in the Wall Street Journal
Friday, November 5, 2004
EJS is co-authoring a response with Richard Lempert, a professor
of law and sociology at the University of Michigan, who is quoted
in this article.
Assail Study of Race, Law Students
study that's raising controversy in law-school circles questions
whether admissions preferences for black students help them or,
ironically, set them back in their careers.
by a respected law professor at the University of California,
Los Angeles, asserts that blacks who benefit from affirmative
action are being admitted to law schools where they find themselves
in over their heads, achieving lower grades and failing the bar
exam in higher numbers than they would have without the preferences.
research by Prof. Richard H. Sander, scheduled for publication
in this month's Stanford Law Review, turns traditional critiques
of affirmative action on their heads. It already is under assault.
critics say the study dramatically understates the positive impact
of affirmative action on black law students. Based on the same
data the study used, Richard Lempert, a professor of law and sociology
at the University of Michigan, argues that eliminating affirmative
action in law-school admissions would reduce the number of black
attorneys by at least a quarter.
and other people who looked closely at it absolutely despair at
the quality of the research," says Prof. Lempert, an architect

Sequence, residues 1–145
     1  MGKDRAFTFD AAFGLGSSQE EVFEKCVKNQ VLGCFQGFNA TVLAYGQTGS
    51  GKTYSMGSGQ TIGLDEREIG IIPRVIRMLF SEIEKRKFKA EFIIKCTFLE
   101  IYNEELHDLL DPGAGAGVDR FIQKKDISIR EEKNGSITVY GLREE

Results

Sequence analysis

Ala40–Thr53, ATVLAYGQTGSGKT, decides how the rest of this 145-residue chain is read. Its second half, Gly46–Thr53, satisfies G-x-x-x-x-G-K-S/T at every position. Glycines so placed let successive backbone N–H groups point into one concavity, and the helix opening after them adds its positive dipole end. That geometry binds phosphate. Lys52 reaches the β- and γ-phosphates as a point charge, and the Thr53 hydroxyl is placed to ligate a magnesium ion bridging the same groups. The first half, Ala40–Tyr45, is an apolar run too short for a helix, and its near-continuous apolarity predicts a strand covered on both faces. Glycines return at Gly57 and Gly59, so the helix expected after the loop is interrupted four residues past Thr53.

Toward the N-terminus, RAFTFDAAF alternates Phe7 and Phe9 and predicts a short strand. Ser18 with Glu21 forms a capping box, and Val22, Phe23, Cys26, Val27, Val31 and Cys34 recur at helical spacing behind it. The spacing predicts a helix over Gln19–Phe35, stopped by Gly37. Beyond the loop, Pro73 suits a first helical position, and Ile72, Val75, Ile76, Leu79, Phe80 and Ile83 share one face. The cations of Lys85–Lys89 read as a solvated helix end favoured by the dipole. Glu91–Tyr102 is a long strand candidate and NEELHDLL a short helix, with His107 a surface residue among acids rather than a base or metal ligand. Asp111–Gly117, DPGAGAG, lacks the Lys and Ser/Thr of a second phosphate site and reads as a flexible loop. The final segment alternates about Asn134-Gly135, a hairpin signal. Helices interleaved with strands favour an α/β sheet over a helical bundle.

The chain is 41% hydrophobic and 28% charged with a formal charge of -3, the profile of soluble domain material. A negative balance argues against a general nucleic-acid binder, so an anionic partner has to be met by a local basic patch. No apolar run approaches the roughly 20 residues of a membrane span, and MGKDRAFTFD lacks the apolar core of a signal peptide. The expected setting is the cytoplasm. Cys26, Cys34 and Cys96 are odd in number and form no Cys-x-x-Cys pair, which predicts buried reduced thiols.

of the University of Michigan law school's affirmative-action
program, which the U.S. Supreme Court upheld in a pivotal ruling
last year. "His conclusions are just dead wrong."
social conservatives decry preferences because of perceived unfairness
to white applicants. Although critics have talked before of a
"stigma" that damages black recipients, the new analysis
stands out for its detailed focus on alleged harms to the careers
of black students.
need to take seriously the idea that there are potential costs
to minorities who benefit from racial preferences," Prof.
Sander says in an interview.
Sander, who describes himself as a lifelong Democrat sympathetic
to the goals of affirmative action, claims that abolishing preferences
wouldn't reduce the number of black lawyers. In fact, he estimates
it would likely increase the cohort of black attorneys emerging
from the Class of 2004 by 8% and the number of those passing the
bar the first time by 22%.
study comes after the Supreme Court last year in the Michigan
case narrowly endorsed the use of race as a factor in undergraduate
and law-school admissions. The court ruled that diversity in higher
education was necessary to cultivate "a set of leaders with
legitimacy in the eyes of the citizenry."
of the study, which hasn't been made public, have circulated among
experts, and Prof. Sander discussed it at a recent academic conference.
Critics, including Prof. Lempert, are drafting a harsh critique
to submit to the Stanford Law Review.
Sander relied primarily on data that the Law School Admission
Council collected on 27,000 students who entered 160 U.S. law
schools in 1991, including their grades in college, test scores
and bar-exam results.
study found a stark achievement gap between blacks and whites
throughout the nation's law schools. Close to half of the black
law students ended up in the bottom tenth of their class. African-Americans
were more than twice as likely as whites to drop out -- and more
than six times as likely to fail state bar exams after multiple
Sander argues that the reason for this outcome stems from a "mismatch"
between the credentials of the black students and the institutions
they attend. Because they have weaker credentials, he says, the
students achieve lower grades. And since grades are strongly correlated